The key is greater transparency on boundaries of what is collected, while clearly outlining the benefits and added value that customization will bring. Only then, will users become more willing to hand over their data and let brands into their lives.
A growing peer-to-peer marketplace is disrupting the traditional buyer-to-seller relationship.
With 93% of internet users having smartphones, many Vietnamese now turn to social media for discovery, buying and selling of products, especially within the fashion category. As this behavioral trend continues, more and more brands are connecting with consumers through conversational commerce, including L’Oreal and Pepsi who have explored using Facebook Messenger to accept orders, resulting in a more convenient and natural buying experience.
To succeed in social commerce, brands also need to create a more seamless network and empower people to become active players.
As traditional retail is still the norm in Vietnam, the next frontier of transformation will be rural. Social ecommerce startup Mio is building a reseller and logistics network in smaller and rural cities in Vietnam that are usually underserved by e-commerce platforms. The products sold on Mio are provided by suppliers who have a tie-up with the platform, and it allows people – mostly rural women – to register as its agents and become micro-entrepreneurs. It will provide them with training in selling and order management skills, besides ensuring product quality and reasonable prices. The agents use social media channels such as Facebook, TikTok, Instagram, and Zalo to reach end consumers.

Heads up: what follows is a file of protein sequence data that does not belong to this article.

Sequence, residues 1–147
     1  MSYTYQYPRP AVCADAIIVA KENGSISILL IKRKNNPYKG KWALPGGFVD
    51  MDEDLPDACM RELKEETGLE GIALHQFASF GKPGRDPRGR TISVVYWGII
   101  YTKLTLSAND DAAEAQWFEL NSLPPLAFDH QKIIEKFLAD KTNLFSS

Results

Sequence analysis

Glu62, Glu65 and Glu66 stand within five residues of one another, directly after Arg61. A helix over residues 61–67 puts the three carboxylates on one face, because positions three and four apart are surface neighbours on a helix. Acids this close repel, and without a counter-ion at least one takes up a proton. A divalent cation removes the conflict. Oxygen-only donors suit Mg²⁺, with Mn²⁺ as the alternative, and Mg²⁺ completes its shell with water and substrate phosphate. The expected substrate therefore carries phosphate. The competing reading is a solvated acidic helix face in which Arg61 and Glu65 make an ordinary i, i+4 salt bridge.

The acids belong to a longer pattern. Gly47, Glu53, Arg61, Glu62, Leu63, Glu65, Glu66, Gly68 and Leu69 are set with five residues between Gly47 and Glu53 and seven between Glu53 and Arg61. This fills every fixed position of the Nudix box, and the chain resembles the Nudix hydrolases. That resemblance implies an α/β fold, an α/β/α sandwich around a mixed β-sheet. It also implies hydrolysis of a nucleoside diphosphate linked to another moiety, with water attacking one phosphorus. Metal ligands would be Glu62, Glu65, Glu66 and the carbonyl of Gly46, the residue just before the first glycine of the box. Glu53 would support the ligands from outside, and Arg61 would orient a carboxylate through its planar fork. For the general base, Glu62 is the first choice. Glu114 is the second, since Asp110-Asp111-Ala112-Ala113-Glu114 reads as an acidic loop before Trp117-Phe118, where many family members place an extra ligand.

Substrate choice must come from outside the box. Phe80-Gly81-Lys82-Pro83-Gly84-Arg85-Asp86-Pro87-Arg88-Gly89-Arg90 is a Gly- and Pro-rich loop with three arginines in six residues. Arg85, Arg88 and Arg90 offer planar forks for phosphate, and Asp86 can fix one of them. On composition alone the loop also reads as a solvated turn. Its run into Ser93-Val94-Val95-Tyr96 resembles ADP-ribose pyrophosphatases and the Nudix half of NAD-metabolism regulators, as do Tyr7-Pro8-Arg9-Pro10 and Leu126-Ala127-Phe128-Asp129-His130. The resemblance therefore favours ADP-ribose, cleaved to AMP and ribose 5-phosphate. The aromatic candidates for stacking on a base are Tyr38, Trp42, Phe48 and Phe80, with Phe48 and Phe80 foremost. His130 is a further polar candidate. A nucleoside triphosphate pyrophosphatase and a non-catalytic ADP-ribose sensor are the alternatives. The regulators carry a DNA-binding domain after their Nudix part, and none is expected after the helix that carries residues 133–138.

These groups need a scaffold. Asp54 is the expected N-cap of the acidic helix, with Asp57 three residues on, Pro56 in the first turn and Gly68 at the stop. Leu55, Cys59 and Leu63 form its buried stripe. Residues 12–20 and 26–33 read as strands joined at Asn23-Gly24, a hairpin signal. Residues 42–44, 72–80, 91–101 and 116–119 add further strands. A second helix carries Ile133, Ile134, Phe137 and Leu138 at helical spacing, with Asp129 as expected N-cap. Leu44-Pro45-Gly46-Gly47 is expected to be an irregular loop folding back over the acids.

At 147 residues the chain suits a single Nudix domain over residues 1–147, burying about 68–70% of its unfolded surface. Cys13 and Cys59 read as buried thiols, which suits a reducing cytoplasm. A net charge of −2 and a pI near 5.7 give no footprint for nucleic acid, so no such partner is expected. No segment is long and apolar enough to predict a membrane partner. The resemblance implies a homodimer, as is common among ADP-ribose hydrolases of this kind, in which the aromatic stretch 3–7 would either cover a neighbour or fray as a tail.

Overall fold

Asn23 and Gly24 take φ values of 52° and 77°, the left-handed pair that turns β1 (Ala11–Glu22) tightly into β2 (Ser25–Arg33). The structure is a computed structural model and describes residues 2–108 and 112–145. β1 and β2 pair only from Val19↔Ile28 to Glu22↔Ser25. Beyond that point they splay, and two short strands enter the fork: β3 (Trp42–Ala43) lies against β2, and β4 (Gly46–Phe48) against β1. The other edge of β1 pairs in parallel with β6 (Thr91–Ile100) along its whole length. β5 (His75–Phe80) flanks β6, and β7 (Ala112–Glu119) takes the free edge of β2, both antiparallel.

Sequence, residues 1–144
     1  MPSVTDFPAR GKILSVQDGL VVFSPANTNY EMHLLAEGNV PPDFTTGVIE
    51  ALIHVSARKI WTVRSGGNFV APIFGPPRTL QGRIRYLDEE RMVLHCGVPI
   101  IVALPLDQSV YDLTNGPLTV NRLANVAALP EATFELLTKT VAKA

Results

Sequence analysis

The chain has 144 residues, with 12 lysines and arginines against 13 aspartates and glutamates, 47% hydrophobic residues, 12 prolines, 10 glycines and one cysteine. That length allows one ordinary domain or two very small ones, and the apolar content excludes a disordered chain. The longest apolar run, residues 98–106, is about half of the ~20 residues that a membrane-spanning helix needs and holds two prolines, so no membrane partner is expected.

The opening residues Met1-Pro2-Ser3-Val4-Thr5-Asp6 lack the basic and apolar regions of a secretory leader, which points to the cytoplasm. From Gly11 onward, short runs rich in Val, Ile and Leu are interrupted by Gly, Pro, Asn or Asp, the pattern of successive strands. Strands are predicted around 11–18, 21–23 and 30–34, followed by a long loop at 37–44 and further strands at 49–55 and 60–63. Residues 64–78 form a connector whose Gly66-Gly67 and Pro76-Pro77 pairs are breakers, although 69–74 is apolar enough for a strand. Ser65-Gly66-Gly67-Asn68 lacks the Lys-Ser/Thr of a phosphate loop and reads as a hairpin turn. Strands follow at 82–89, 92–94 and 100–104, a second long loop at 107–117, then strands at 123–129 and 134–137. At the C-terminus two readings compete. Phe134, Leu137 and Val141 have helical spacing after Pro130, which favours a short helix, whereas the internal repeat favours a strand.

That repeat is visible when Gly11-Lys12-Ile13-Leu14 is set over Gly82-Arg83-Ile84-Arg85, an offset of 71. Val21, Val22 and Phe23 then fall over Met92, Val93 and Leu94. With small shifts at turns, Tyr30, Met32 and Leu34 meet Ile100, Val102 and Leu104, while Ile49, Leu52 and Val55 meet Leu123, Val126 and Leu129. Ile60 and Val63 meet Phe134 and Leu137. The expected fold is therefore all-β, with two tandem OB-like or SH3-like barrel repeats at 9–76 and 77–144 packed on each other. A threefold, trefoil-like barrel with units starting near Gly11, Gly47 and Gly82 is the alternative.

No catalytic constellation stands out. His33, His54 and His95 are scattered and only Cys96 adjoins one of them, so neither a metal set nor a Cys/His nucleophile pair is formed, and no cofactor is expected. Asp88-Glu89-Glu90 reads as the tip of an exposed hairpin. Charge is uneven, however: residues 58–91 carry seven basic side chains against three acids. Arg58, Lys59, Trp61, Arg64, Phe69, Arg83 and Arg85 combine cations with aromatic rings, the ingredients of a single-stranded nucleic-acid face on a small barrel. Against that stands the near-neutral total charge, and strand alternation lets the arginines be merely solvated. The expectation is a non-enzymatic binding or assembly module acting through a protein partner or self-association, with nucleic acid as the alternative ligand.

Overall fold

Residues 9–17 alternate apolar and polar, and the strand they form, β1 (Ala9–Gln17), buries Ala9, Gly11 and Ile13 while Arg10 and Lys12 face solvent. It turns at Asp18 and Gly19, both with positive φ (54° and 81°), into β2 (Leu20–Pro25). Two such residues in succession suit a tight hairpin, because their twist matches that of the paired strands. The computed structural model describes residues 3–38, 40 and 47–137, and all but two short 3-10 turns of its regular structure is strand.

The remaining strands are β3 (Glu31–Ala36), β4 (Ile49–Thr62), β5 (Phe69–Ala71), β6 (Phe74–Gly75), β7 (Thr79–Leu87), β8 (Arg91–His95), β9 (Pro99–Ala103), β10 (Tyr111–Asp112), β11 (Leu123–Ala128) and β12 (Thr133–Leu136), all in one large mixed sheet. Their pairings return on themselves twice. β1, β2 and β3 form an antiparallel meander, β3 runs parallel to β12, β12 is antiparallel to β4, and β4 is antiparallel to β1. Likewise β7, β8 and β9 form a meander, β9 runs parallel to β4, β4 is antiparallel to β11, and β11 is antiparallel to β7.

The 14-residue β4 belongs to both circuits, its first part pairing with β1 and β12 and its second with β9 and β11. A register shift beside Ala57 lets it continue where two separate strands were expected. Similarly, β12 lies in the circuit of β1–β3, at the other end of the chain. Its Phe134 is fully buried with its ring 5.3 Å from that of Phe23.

Brands looking to expand into social commerce, should first take time to understand how users interact on different social platforms – their mood, mindset and purpose when using each one will be different. The customer journey should be native and seamless for customers to feel comfortable purchasing via these channels, with natural discussions and endorsements from people they know going a long way.
The new chapter for retail is here. It’s paramount to become omni-channel and adapt to new ways of fulfilling orders, but ultimately, the brands that succeed will be those who invest in understanding changes in consumer behavior and cultural shifts, and look ahead for the next wave of disruptive demand.
The article was originally published on Vietcetera with TBWA